3. Read the signs at the beginning of trail heads. They give you advice as well on what to do when you run into a bear.

4. Do NOT run from a bear. Their predator/prey mode will kick in and they will catch up to you. Worst thing to do!

5. Make a lot of noise when you are in their territory. Announce your arrival to ensure that they are not startled. Clap your hands, talk loudly, sing a song…I think they were scared off by my singing voice anyway! There is a myth that “bear bells” will deter them from approaching. It in fact does not, it has even been suggested that it might attract them since it sounds similar to a bird or small animal.

6. Hike with at least three people, or make sure the trail has many hikers traveling on it. There has never been a documented attack on 3+ hikers.

7. Don’t climb a tree or try to swim away from them. They can do that too, I’ve seen it! Black bears love tree climbing and grizzlies love splashing around in the water!

8. If a bear does charge you, keep making a lot of noise and wave your hands around. Bears usually false charge you first and then stop when they get closer. Their eye sight is terrible, so if you wave your arms around, you will look much bigger than you actually are.

9. Track bear feces, footprints, hair and know if you might encounter one ahead, or that they have been in the area recently and keep your eyes open!

10. Ok – say a bear will not stop and it is about to attack. Drop to the ground, play dead if it’s a grizzly bear. Black bear, fight back! They are for the most part scavengers and do not want to fight too hard for their meal.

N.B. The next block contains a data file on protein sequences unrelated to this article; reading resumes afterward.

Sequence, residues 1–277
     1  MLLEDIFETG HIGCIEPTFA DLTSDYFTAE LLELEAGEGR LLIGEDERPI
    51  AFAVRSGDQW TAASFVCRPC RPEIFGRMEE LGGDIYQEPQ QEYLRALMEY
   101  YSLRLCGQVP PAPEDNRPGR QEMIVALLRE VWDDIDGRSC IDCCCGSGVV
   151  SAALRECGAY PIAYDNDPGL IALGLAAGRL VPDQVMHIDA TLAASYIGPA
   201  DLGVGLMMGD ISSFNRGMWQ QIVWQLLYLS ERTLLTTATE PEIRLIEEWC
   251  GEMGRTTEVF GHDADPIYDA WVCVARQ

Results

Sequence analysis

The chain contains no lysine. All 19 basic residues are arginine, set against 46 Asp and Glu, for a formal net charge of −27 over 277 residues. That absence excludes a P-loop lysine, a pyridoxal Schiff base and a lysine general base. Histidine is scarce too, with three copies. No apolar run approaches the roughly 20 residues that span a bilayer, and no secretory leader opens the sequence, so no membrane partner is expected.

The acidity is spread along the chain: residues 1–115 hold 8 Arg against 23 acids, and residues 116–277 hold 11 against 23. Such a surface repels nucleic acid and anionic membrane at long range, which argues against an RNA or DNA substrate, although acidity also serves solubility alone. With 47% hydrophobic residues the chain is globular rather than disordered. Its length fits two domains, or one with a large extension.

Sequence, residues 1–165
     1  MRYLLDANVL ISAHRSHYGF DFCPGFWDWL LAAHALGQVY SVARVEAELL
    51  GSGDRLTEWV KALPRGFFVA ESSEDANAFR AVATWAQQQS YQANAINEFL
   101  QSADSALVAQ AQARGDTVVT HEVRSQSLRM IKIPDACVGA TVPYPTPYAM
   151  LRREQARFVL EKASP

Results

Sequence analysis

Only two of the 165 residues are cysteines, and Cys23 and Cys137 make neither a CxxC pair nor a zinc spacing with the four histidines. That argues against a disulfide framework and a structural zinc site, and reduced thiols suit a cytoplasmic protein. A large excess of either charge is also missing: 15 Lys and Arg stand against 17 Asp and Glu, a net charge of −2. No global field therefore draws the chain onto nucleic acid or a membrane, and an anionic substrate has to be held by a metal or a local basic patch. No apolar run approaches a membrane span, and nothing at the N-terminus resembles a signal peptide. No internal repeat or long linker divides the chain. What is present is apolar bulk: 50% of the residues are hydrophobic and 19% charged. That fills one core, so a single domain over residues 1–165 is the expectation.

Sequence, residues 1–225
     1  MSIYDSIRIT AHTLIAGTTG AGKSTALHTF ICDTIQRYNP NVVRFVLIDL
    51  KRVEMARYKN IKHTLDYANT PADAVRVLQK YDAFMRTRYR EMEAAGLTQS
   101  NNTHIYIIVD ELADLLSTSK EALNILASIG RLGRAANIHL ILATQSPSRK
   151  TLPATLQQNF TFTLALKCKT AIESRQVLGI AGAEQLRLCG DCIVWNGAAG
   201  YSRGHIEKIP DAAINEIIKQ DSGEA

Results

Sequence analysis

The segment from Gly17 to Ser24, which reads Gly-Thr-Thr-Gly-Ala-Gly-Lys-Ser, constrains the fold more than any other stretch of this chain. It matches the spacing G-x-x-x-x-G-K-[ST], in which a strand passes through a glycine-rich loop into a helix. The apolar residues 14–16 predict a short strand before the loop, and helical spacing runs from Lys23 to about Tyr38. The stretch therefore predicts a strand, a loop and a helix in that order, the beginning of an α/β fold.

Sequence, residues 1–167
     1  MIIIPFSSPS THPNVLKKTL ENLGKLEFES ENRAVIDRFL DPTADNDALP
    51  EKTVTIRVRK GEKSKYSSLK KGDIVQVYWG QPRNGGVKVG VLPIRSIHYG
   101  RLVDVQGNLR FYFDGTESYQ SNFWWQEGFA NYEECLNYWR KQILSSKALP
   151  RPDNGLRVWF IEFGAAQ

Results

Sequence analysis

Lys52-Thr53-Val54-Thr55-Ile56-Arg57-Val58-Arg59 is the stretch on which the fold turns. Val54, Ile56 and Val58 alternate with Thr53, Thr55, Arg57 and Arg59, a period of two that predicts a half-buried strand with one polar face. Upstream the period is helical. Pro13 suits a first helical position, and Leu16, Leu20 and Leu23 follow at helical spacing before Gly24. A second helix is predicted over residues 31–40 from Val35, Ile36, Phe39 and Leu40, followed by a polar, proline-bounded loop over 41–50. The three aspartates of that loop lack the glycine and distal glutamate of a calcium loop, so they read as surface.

I went on countless hikes in my 7 weeks in grizzly and black bear areas this summer and encountered four different bears while hiking. No problemo! Please note though, I am not an expert, but I have researched this quite a bit.

Be smart and safe please people!

Un-bear-ably Cute

On my adventures this summer (US and Canada National Parks), I came across some amazing animals. Check out the extremely adorable and enamouring wildlife I stumbled upon. This is just a beginning, I am currently in the editing process with the over 3,000 photos I took on my trip.

Alpha female wolf in Yellowstone (Hayden Valley)

Bison drinking in Hayden Valley, Yellowstone

Beaver in Hayden Valley, Yellowstone

"Sedgehog" in Sedge Bay, Yellowstone

Marmot in Sedge Bay, Yellowstone

Elk...I think this one was in Yellowstone. Better one in Jasper to come!

A black bear we call 'Scruffy', Yellowstone

Grizzly bear #610 and her 2 cubs in Grand Teton

I have way more pictures to add in the future. This is really just a beginning. Shooting pictures in RAW format takes a lot of time to sort, as I have discovered! Stay tuned for more bears and their cubs, wolves, proghorn, river otter, coyotes…way more!

Here I Go!

It’s officially summer holidays for me as of today. So why not pack up and head out on the open road to nowhere and everywhere?

Here’s the plan, which is still in the works and will inevitably change as soon as my boyfriend and I set foot in my car.

Day 1: Leaving this morning and driving to Chicago. (8-9 hours)

Day 2: From Chicago, heading hopefully to either Sioux Falls or even Rapid City (10-12 hours) in South Dakota.

Day 3: South Dakota to Yellowstone or Grand Teton (8-9 hours)

Day 4 – ??: Bear watching, wolf watching, taking a billion photographs around Yellowstone

Then it gets fuzzy from there. Somehow we will end up in Vancouver and hopefully meet up with one of my co-workers who is visiting the city in mid-July.

Back to Toronto by early/mid-August for a wedding and similar events.

Please consider me for a hero award since I will be the only driver. My boyfriend does not possess a license!

Ok, I am getting excited! This summer is shaping into a plan, and will almost certainly guarantee some exciting stories and photographs. My apologies that my blog posts will be a bit delayed, since internet is not in the program for a week or 2. Stay tuned!!!